A critical component of the crypto industry is finally getting a level of transparency that critics have long called for—but it likely won’t slow calls for more regulation.
Paxos Trust on Friday disclosed the assets that back Binance USD, the third-largest stablecoin, right down to the unique identification number of each Treasury bill it holds.
That is par for the course in traditional finance. But for stablecoins, which typically aim to maintain a value pegged to the dollar, it’s something of a watershed.
Like money-market mutual funds, most stablecoins try to keep their peg by holding reserves and allowing investors to redeem the coins for fiat currency. But unlike traditional fund companies, large stablecoin providers until now have typically provided general descriptions of what they hold, or perhaps a breakdown by asset class, without getting into specifics.
The past few months of crypto turmoil, however, might be bringing big changes to the sector, which on Friday had a market-capitalization of $153 billion.
The first big impetus was the collapse of a stablecoin called TerraUSD, which broke its peg in May and helped kick off a panic that has erased hundreds of billions of dollars in value in other cryptocurrencies. Unlike regular stablecoins, TerraUSD largely didn’t have assets backing the token and tried to maintain its peg through an arbitrage mechanism that failed.
The collapse has given new life to regulators’ push to put guardrails around the coins, which they say could damage the traditional financial system if one were to fail.
“Stablecoins pegged to fiat currency are highly vulnerable to runs,” said Fed Vice Chair Lael Brainard in a speech on Friday. “It is vital that stablecoins that purport to be redeemable at par in fiat currency on demand are subject to the types of prudential regulation that limit the risk of runs and payment system vulnerabilities that such private monies have exhibited historically.”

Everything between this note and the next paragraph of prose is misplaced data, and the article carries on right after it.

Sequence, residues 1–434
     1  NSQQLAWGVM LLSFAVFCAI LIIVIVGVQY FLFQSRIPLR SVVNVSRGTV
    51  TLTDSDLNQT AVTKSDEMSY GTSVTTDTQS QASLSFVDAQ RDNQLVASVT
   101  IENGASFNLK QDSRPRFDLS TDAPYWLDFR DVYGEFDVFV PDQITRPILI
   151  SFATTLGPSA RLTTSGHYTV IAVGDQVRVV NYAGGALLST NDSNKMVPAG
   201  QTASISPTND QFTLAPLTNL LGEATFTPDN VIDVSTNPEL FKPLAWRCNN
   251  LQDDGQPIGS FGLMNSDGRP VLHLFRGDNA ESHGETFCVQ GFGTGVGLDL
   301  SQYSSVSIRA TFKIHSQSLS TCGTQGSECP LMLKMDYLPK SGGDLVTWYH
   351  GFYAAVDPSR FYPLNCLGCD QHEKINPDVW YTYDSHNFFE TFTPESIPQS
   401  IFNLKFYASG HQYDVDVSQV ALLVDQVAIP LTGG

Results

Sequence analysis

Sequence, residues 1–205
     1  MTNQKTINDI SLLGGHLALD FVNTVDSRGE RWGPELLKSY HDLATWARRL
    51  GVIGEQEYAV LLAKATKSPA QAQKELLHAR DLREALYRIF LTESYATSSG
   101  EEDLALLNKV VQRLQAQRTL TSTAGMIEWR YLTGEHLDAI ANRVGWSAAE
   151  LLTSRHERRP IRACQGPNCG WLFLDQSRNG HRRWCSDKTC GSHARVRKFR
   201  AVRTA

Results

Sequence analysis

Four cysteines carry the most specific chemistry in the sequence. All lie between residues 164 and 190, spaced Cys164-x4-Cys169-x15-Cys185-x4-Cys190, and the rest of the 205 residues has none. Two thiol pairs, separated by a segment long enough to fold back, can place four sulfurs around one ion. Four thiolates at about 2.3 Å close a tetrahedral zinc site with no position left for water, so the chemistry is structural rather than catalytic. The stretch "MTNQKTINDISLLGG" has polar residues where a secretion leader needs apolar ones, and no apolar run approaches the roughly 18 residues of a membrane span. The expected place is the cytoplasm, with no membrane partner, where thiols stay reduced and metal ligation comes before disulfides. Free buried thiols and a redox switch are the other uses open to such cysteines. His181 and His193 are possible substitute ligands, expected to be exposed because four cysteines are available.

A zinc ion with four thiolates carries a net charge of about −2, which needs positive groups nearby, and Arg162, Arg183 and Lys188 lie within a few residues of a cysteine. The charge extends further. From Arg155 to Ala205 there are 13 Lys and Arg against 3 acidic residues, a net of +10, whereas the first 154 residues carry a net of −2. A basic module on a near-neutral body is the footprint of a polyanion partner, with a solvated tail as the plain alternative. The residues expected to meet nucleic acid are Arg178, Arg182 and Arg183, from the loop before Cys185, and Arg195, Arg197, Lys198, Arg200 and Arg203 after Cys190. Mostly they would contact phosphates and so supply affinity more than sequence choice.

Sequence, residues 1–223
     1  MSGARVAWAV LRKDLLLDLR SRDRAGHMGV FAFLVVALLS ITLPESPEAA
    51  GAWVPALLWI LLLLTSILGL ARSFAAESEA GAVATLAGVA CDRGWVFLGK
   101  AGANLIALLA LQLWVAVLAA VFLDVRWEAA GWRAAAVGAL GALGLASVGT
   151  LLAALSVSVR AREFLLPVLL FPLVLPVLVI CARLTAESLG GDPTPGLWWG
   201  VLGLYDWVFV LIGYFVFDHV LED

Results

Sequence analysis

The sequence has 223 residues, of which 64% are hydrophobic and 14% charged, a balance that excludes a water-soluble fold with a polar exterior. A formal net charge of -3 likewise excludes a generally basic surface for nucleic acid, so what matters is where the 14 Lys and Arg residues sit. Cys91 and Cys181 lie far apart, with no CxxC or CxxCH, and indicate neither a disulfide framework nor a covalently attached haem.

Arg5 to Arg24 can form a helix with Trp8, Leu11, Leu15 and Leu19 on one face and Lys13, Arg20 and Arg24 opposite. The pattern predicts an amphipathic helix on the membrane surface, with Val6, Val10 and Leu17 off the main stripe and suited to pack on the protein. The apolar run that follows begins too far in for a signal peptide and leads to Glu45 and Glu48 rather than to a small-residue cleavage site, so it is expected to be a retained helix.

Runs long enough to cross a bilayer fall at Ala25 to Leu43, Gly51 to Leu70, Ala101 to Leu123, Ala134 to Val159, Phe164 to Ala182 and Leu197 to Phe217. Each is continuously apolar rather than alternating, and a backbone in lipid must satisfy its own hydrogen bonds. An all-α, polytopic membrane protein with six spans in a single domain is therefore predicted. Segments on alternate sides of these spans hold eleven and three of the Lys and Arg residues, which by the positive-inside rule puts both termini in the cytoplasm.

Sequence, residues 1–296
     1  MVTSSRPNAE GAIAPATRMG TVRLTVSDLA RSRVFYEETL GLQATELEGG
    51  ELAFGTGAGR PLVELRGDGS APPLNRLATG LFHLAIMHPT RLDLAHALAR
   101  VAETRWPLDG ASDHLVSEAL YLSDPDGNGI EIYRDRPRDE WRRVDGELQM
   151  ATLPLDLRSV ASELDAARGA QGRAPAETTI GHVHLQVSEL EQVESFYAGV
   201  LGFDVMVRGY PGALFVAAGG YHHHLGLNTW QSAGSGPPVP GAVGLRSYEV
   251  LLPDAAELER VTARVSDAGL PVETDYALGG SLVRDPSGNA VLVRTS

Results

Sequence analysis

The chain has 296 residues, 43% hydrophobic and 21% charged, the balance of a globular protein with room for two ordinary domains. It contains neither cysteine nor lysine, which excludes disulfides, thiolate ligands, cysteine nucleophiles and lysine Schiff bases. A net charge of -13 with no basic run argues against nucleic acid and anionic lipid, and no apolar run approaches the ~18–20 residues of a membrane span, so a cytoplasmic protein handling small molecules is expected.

Key to regulators’ concerns has been the lack of transparency by major stablecoin providers into what they hold.
Tether, the largest such coin at $66 billion, provides a general breakdown of the asset classes in its reserves, but doesn’t go further. The company in the past few years has been fined multiple times by U.S. regulators for misleading statements about the assets that back the coin. The company has said it always has maintained adequate reserves and satisfied redemption requests.
Circle Internet Financial says its $56-billion stablecoin, USD Coin, is backed entirely by cash and short-dated U.S. Treasuries, but similarly doesn’t provide an asset-by-asset breakdown.
That sets apart Paxos, which is the backer of two major coins: Binance USD, with a market cap of about $18 billion, and Pax Dollar, which has $945 million in assets. The company’s reports dated June 30 give the identification number of each Treasury bill and bond held in its reserves, as well as the names of the banks where it has deposits.
Paxos CEO Charles Cascarilla in a statement said providing more transparency and oversight was “the only way we can build trust in stablecoins and grow the adoption of this important technology.”
Paxos spokeswoman Rebecca McClain told Barron’s that recent crypto volatility “has led many to ask questions about their holdings and their safety,” helping to lead to the change.
The Biden administration for nearly a year has pushed to develop standards for stablecoin issuers, some of which would require legislation. The administration has said it is working with lawmakers in the House Financial Services Committee on a bill that could be voted on sometime this year.
Meanwhile, it isn’t clear whether other stablecoin providers will follow suit and provide the level of detail on their holdings that Paxos now gives.
“We’re pleased to see more stablecoin issuers increase disclosure and embrace trust and transparency, which we believe is essential for the safety of the entire ecosystem,” Circle spokesperson Greg Vadala said in a statement to Barron’s. “Circle has recently increased our own level of transparency and disclosure for the USDC reserve and continues to explore ways to do more.”
A Tether spokesperson didn’t respond to a request for comment.
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